Joint Functional Screening (JFS): Movement for Optimal Health and Body Function: Perspective Clinical Examination
Rehabilitation Science
Volume 3, Issue 1, March 2018, Pages: 13-16
Received: Jan. 9, 2018; Accepted: Jan. 25, 2018; Published: Feb. 12, 2018
Views 2004      Downloads 118
Balwant Singh Bains, Department of Physiotherapy, Aihmsa College, Kuala Lumpur, Malaysia
Article Tools
Follow on us
Background: Body’s locomotor system, at any given age, need to be pain-free, agile, stable and energetic, symmetrical in joint functional system and muscle power. Joint Functional Screening (JFS) is a musculo-skeletal profiling program via a systematic clinical examination with clinical reasoning of the entire human joints’ functional system, with or without causative limitation to derive a holistic analysis to give a health provider, the strength, flexibility, and stability indicators of the musculoskeletal system. Objective: The purpose of this study was to introduce a feasible and an affordable clinical examination package as Joint Functional Screening. Method: This package including clinical tools to analysis and screen all body joints which can determine muscular imbalances and body abnormalities. Conclusion: JFS is an innovation program to profile a normal musculoskeletal state to decode any underlying anomalies of the body, in an otherwise normal subject, who might be preparing to take up any sporty or gym activities in one’s lifespan that could elicit or uproot an injury which could be otherwise prevented.
Musculoskeletal, Joint Functional Screening (JFS), Health, Body Function
To cite this article
Balwant Singh Bains, Joint Functional Screening (JFS): Movement for Optimal Health and Body Function: Perspective Clinical Examination, Rehabilitation Science. Vol. 3, No. 1, 2018, pp. 13-16. doi: 10.11648/
Copyright © 2018 Authors retain the copyright of this article.
This article is an open access article distributed under the Creative Commons Attribution License ( which permits unrestricted use, distribution, and reproduction in any medium, provided the original work is properly cited.
Mosavat, M., Mirsanjari, M., Omar, S. Z., & Sadeghi, H. (2014). Bone Health, Exercise and Nutrition. Journal of Advanced & Applied Sciences, 2(4),143-156.
Chen, H., Zhou, X., Fujita, H., Onozuka, M., & Kubo, K. Y. (2013). Age-related changes in trabecular and cortical bone microstructure. International journal of endocrinology, 2013 (213234).
Tsai, M. S., & Hsu, A. T. (2015). The aging effects on the glenohumeral joint stiffness in association with anteroposterior glide mobilization: in vivo robotic testing. Physiotherapy, 101, e594.
Shariat, A., Tamrin, S., Mohd, B., Arumugam, M., Danaee, M., & Ramasamy, R. (2016). Prevalence rate of musculoskeletal discomforts based on severity level among office workers. Acta Medica Bulgarica, 43(1), 54-63.
Shariat, A., Bahri Mohd Tamrin, S., Daneshjoo, A., & Sadeghi, H. (2015). The adverse health effects of shift work in relation to risk of illness/disease: a review. Acta Medica Bulgarica, 42(1), 63-72.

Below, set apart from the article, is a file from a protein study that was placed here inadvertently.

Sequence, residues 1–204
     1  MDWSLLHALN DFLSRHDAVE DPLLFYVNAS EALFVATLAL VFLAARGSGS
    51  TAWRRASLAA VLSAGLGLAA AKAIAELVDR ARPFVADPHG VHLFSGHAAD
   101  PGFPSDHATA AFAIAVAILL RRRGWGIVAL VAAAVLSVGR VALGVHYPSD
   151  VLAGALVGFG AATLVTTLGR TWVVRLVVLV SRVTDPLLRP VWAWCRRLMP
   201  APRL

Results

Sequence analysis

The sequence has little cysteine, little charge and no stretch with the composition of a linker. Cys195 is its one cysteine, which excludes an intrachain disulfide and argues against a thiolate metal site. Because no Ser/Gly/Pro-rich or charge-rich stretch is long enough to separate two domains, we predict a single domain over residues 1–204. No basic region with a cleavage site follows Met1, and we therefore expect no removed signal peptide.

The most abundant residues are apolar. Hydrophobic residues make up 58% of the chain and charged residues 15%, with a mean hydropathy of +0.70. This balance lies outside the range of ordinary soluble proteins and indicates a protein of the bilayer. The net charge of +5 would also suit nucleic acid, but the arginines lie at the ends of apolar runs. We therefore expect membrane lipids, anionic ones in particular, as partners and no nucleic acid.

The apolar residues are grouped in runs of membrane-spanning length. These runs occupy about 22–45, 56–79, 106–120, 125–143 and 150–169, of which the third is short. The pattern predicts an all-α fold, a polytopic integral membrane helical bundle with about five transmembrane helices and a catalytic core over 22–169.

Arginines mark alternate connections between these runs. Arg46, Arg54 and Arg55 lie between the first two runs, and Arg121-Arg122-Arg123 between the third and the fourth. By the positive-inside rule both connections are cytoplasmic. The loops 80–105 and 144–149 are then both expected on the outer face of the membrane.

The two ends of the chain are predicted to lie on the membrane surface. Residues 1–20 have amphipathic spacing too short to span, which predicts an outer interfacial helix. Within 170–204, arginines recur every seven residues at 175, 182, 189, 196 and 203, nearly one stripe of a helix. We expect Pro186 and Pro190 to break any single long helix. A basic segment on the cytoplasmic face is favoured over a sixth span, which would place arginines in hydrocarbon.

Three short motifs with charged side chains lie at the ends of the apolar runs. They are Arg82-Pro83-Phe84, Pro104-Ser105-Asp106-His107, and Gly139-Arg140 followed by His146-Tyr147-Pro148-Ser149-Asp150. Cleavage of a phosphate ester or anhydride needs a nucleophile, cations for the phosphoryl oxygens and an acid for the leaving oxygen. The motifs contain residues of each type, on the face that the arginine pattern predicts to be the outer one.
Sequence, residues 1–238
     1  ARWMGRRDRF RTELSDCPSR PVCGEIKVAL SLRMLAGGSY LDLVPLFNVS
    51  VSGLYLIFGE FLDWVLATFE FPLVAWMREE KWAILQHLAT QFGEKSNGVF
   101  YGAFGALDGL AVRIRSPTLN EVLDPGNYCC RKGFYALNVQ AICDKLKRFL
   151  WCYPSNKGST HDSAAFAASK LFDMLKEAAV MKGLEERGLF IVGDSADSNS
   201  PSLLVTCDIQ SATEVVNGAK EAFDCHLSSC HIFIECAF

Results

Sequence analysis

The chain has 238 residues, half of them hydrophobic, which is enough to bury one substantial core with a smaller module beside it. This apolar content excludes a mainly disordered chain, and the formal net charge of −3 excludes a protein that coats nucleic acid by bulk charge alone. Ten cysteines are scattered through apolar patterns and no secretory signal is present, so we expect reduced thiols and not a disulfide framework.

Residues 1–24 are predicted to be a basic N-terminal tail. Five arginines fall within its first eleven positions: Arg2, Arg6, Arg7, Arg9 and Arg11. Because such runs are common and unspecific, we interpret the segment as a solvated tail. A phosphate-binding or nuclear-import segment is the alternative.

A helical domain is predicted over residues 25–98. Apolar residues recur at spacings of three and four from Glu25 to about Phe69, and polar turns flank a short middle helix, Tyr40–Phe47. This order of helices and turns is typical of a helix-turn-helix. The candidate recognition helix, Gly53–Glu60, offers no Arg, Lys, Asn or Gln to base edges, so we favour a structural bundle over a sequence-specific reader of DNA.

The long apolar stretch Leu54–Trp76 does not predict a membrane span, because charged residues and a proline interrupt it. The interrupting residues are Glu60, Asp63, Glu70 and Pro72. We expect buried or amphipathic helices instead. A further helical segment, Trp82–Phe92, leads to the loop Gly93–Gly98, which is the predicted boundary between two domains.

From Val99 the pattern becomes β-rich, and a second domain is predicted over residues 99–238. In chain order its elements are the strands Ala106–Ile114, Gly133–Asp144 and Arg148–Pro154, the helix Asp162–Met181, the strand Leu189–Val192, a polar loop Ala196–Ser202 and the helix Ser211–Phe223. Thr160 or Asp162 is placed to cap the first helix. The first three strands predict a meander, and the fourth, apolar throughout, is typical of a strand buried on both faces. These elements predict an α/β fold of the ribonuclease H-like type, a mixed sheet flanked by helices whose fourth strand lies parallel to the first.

Chougala, A., Phanse, V., Khanna, E., & Panda, S. (2015). Screening of body mass index and functional flat foot in adult: an observational study. Int J Physiother Res, 3(3), 1037-41.
Wagner, H., Anders, C. H., Puta, C. H., Petrovitch, A., Mörl, F., Schilling, N., ... & Blickhan, R. (2005). Musculoskeletal support of lumbar spine stability. Pathophysiology, 12(4), 257-265.
Bains, B. S., Kaur, G., Sadeghi, H., Husain, A., & Singh, K. (2016). Trunk Flexibility Improvement in Response to Powered Assisted Exercise. International Journal of Kinesiology & Sports Science, 4(3), 50-53.
Cook, G., Burton, L., Hoogenboom, B. J., & Voight, M. (2014). Functional movement screening: The use of fundamental movements as an assessment of function-Part 2. International journal of sports physical therapy, 9(4), 549.
Knapik, J. J., Cosio-Lima, L. M., Reynolds, K. L., & Shumway, R. S. (2015). Efficacy of functional movement screening for predicting injuries in coast guard cadets. The Journal of Strength & Conditioning Research, 29(5), 1157-1162.
Cantley, L. F., Taiwo, O. A., Galusha, D., Barbour, R., Slade, M. D., Tessier-Sherman, B., & Cullen, M. R. (2014). Effect of systematic ergonomic hazard identification and control implementation on musculoskeletal disorder and injury risk. Scandinavian journal of work, environment & health, 40(1), 57.
Piper, S., Shearer, H. M., Côté, P., Wong, J. J., Yu, H., Varatharajan, S.,... & Nordin, M. C. (2016). The effectiveness of soft-tissue therapy for the management of musculoskeletal disorders and injuries of the upper and lower extremities: a systematic review by the Ontario Protocol for Traffic Injury management (OPTIMa) collaboration. Manual therapy, 21, 18-34.
Sadeghi, H., Amri, S. B., Razeghi, M., Hamid, T. A., & Abdollah, M. N. H. (2017). Effects of Combined exergame and conventional exercise to reduce and prevent fall risk among elderly people: A Hypothesis. International Journal of Applied Exercise Physiology, 6(3), 80-84.
Laughton, C. A., Slavin, M., Katdare, K., Nolan, L., Bean, J. F., Kerrigan, D. C.,... & Collins, J. J. (2003). Aging, muscle activity, and balance control: physiologic changes associated with balance impairment. Gait & posture, 18(2), 101-108.
Science Publishing Group
1 Rockefeller Plaza,
10th and 11th Floors,
New York, NY 10020
Tel: (001)347-983-5186